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Have you ever had to fire a really nice person?
Terminations and layoffs are never fun (if they are fun for you, please seek help). But they are all the worse when you’re faced with letting go of someone you genuinely like. It’s much easier to fire jerks!
So what do you do when faced with parting ways with a nice person?
In our executive search work at Vanderbloemen, we specialize in faith-based organizations. Some people might think that Christian organizations don’t have to fire people, but they do. And whether you run a corporate business or a Christian organization – at some point, everyone has to face handling how to fire someone. I’m learning that involves firing friendly people, and I’m learning how to do that more graciously as I go.
Our COO, Sutton Turner, came out of the business world to be the Executive Pastor (think COO) at a huge church that went through a severe crisis resulting in lots of layoffs and terminations. He says that when he arrived, layoffs and terminations were not done well. He went on to tell me (and to write about) how one of the greatest lessons he learned was handling terminations with unusual grace and not just as a cold business decision.
When it comes to terminations, preparation is critical. Here are some tips he’s shared, and some that I’m learning about how to lay off staff in a way that’s honoring and kind to them.
1. Prepare by regularly naming your “red cards.”
I’ve learned that every leader should have a well-documented list of “red card” offenses that lead to immediate termination that their staff is very clear on. They should also be frequently communicated. For example, my friend Dave Ramsey has drawn a line in the sand about gossip. You only get one warning. After that, your choice to gossip is your choice to get fired. Maybe it’s not gossip for you, but naming your “red cards” and communicating them to the team can help when you have to terminate someone suddenly. That way, when someone chooses to behave in a way that would “draw a red card,” the employee and the rest of your team know that they have made their own choice to place themselves off the workforce.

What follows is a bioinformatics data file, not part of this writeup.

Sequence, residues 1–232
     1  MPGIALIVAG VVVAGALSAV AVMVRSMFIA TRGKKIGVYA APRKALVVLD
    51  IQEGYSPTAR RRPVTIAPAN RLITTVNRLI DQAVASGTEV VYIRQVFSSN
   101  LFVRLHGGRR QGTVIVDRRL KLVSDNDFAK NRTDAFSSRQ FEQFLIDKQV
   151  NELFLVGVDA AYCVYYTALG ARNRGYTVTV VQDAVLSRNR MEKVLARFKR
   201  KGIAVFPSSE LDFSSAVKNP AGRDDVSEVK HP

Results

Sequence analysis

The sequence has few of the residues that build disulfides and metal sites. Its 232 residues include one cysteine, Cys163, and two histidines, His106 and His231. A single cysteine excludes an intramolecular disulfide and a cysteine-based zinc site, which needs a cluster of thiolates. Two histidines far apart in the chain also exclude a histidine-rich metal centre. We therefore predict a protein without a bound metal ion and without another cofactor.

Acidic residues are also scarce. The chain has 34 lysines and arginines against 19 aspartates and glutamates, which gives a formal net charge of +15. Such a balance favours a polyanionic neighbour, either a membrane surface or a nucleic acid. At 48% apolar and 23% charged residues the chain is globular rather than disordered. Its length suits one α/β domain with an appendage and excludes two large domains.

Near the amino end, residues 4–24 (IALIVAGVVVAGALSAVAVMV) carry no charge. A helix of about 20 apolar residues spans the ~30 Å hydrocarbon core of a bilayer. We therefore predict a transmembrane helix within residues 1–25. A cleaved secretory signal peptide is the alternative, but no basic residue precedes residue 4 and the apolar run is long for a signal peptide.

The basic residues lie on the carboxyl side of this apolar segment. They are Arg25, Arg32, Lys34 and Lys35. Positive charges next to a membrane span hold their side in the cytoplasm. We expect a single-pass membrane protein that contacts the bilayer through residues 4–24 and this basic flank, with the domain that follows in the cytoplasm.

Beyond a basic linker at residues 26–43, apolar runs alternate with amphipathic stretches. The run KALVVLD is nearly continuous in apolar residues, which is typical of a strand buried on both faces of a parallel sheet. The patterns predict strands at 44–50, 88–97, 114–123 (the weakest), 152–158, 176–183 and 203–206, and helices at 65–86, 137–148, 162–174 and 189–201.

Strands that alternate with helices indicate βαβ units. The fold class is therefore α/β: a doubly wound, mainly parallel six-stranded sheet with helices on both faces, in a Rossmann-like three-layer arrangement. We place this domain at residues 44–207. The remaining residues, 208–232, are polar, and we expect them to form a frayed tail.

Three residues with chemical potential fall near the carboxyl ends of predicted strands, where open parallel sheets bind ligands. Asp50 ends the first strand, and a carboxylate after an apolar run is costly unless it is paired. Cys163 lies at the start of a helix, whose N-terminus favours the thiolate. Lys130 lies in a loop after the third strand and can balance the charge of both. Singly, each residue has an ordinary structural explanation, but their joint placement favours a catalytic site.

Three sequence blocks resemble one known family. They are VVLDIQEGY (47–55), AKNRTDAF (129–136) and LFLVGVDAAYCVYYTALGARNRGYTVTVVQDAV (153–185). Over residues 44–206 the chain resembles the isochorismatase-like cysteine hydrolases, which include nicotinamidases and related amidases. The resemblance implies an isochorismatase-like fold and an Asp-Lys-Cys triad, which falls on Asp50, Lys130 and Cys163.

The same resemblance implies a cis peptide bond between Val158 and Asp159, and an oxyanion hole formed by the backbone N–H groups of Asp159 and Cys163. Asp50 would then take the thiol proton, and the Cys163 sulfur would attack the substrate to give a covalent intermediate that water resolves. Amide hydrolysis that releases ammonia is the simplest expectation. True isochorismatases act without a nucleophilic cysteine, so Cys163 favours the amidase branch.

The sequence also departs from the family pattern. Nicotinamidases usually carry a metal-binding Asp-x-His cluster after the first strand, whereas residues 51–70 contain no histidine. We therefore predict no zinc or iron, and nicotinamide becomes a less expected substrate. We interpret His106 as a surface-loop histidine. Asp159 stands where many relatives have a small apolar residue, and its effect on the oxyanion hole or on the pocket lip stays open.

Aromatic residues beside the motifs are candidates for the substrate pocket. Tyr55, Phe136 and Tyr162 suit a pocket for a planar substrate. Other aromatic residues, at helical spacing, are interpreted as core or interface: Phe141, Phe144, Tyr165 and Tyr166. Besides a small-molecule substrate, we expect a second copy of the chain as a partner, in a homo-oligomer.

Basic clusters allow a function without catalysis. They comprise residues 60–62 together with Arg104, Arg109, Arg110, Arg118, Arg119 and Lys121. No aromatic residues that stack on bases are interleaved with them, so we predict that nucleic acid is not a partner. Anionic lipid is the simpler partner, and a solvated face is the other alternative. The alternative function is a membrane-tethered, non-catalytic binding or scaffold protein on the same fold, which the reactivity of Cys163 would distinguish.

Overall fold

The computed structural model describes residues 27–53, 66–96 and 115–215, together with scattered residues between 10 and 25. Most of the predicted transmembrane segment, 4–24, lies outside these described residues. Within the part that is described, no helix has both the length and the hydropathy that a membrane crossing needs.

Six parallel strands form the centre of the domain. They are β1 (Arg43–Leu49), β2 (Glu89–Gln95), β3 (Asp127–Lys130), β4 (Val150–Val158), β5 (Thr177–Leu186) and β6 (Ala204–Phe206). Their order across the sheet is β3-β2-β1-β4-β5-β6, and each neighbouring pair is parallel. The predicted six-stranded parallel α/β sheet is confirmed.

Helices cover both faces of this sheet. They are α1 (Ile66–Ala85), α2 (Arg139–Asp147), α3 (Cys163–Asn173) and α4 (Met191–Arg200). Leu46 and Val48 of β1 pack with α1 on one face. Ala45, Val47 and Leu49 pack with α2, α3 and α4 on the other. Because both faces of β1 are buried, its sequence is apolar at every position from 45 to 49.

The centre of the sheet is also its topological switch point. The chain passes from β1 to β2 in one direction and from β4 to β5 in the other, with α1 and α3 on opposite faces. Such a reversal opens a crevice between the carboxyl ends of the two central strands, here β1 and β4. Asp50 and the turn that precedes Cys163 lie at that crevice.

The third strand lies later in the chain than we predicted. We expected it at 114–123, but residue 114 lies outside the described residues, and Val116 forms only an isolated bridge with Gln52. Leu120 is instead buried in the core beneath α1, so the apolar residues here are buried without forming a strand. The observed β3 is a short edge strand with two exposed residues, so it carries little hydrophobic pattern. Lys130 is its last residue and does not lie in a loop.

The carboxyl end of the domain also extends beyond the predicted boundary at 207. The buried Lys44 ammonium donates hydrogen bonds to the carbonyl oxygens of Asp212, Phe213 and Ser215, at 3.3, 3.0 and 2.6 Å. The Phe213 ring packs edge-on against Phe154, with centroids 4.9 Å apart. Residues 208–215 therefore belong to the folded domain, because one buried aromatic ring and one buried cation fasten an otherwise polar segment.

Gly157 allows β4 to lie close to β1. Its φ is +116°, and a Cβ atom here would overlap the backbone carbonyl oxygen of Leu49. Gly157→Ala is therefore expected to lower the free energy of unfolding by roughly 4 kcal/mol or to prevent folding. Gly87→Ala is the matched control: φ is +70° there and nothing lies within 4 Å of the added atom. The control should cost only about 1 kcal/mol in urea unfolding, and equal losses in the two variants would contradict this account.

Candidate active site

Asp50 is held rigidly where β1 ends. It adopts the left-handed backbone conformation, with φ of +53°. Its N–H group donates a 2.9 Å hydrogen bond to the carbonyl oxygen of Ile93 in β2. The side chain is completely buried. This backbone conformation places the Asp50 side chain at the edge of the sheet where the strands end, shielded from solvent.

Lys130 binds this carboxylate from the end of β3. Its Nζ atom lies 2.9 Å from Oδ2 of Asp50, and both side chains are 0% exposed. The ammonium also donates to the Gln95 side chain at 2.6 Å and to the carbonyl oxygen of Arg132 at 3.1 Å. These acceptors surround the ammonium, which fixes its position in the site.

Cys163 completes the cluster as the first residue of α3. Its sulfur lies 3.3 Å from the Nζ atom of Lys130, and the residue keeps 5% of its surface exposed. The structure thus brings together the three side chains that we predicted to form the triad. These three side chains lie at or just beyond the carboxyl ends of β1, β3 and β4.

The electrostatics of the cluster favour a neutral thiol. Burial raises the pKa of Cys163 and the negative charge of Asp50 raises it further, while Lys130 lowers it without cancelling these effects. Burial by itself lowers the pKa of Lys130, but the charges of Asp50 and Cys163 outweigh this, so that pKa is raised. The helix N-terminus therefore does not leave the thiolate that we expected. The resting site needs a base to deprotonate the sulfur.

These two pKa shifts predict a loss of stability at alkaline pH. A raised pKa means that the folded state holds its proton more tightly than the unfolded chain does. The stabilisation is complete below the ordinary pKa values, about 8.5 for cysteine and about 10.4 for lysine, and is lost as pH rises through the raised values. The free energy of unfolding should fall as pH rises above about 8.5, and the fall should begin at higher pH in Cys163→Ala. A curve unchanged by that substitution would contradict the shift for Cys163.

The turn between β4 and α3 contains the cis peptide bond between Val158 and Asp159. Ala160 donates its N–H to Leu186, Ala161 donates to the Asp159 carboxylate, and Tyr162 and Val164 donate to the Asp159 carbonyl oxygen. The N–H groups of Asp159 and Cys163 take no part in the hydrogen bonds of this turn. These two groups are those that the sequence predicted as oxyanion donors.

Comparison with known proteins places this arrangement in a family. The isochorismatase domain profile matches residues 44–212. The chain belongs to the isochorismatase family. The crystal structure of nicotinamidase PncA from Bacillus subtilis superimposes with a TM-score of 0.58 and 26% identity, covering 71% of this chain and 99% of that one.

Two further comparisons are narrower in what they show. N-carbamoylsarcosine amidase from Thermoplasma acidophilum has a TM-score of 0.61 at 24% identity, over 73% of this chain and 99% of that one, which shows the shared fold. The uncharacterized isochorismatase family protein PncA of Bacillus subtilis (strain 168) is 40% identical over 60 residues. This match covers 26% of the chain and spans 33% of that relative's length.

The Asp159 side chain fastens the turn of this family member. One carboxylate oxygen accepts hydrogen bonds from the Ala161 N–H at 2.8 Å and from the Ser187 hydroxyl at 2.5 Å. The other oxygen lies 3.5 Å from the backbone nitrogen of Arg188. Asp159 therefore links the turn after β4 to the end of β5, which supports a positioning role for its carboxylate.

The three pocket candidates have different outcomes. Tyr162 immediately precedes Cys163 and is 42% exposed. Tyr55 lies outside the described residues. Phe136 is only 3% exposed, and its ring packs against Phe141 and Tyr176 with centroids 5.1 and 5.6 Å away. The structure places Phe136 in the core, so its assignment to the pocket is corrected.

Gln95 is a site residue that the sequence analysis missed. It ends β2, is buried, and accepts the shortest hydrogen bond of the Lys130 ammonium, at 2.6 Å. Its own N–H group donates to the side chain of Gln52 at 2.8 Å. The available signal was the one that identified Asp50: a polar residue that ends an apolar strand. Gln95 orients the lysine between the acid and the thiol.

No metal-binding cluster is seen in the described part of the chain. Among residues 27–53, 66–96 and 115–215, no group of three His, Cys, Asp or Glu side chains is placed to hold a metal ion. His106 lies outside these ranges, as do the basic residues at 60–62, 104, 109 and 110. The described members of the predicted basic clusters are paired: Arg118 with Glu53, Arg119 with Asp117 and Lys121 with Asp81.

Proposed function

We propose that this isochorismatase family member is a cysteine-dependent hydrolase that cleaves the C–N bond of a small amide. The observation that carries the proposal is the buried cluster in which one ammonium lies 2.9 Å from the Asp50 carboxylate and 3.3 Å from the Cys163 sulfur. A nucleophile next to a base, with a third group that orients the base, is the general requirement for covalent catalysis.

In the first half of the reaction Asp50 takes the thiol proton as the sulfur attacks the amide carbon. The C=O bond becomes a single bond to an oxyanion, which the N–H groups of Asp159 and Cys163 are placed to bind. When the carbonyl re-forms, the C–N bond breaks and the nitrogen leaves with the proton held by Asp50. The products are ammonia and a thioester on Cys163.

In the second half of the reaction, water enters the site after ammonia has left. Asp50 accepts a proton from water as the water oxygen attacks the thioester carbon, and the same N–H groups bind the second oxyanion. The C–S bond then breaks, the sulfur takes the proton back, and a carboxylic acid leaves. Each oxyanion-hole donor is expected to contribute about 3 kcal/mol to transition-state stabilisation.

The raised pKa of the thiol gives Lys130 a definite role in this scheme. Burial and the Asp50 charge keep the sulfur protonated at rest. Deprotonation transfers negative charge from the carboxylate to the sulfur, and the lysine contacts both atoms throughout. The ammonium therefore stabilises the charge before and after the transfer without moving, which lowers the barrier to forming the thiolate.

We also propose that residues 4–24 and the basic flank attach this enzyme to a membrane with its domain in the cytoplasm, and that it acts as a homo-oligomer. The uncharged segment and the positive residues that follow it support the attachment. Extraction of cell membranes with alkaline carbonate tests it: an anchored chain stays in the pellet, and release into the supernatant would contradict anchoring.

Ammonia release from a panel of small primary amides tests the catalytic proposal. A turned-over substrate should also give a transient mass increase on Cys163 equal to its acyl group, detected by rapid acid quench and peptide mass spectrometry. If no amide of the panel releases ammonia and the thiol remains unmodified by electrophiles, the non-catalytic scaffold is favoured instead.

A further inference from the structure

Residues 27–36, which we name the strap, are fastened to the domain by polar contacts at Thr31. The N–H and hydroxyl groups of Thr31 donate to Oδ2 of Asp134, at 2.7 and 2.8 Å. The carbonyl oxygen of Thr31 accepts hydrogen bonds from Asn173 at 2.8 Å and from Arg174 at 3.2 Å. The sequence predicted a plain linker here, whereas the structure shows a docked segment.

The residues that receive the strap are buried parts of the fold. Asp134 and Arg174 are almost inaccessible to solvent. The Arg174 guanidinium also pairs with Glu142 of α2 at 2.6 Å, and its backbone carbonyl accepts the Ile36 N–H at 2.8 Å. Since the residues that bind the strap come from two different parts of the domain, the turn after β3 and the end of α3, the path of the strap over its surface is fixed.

2. Document patterns.
Be sure that the termination is correct and needed. Beyond the immediately terminable offenses, keep a record of patterns of performance or behavior that is contrary to expectations. I tell folks all the time, “there’s power in the pattern.” Humans are human, and we are prone to make errors. Rather than flying off the handle at mistakes, look for and name patterns. People make dumb mistakes all the time that can be fixed. But patterns are rarely broken. Pointing them out will make termination more of a necessary ending than a harsh business move.
3. Seek wise counsel to make sure the termination is necessary.
Before you execute a termination, seek wise counsel from your board or coworkers or leaders. Myopia is a real thing, particularly when it comes to personnel. It’s very easy when frustrated with a staff member to make decisions based on emotion rather than wisdom. Asking a person who is removed from the situation for counsel could help prevent an unnecessary firing.
All of this may sound like a lot of work and time. While I believe in the wisdom of “hiring slowly and firing quickly,” I’m learning that “firing quickly” often means making the decision quickly, but walking through a process that takes time.
Firing people is never easy. I’d even say the day it does get easy for you is the day you need to start counseling. But it doesn’t have to be an ungracious experience. Ending someone’s job is a life-changing, super important moment that must be handled with care. Follow the steps we are learning, try to do the difficult task of firing with a gracious spirit, and I believe you’ll be rewarded in the long run.